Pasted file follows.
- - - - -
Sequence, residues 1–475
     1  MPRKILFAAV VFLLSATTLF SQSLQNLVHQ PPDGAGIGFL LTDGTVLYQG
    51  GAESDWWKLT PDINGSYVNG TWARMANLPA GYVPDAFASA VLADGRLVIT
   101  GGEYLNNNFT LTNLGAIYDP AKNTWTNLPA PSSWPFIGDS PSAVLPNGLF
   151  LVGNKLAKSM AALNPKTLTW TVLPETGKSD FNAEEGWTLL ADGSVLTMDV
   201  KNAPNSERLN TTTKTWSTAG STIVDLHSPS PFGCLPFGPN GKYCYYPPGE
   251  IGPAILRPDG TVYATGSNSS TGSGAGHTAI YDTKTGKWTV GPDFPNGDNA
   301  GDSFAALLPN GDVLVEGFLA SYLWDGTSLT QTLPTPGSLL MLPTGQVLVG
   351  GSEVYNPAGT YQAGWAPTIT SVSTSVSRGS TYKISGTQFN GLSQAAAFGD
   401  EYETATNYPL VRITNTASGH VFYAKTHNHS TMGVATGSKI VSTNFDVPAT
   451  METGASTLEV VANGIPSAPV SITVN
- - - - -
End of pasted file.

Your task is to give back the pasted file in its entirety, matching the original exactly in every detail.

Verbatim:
Sequence, residues 1–475
     1  MPRKILFAAV VFLLSATTLF SQSLQNLVHQ PPDGAGIGFL LTDGTVLYQG
    51  GAESDWWKLT PDINGSYVNG TWARMANLPA GYVPDAFASA VLADGRLVIT
   101  GGEYLNNNFT LTNLGAIYDP AKNTWTNLPA PSSWPFIGDS PSAVLPNGLF
   151  LVGNKLAKSM AALNPKTLTW TVLPETGKSD FNAEEGWTLL ADGSVLTMDV
   201  KNAPNSERLN TTTKTWSTAG STIVDLHSPS PFGCLPFGPN GKYCYYPPGE
   251  IGPAILRPDG TVYATGSNSS TGSGAGHTAI YDTKTGKWTV GPDFPNGDNA
   301  GDSFAALLPN GDVLVEGFLA SYLWDGTSLT QTLPTPGSLL MLPTGQVLVG
   351  GSEVYNPAGT YQAGWAPTIT SVSTSVSRGS TYKISGTQFN GLSQAAAFGD
   401  EYETATNYPL VRITNTASGH VFYAKTHNHS TMGVATGSKI VSTNFDVPAT
   451  METGASTLEV VANGIPSAPV SITVN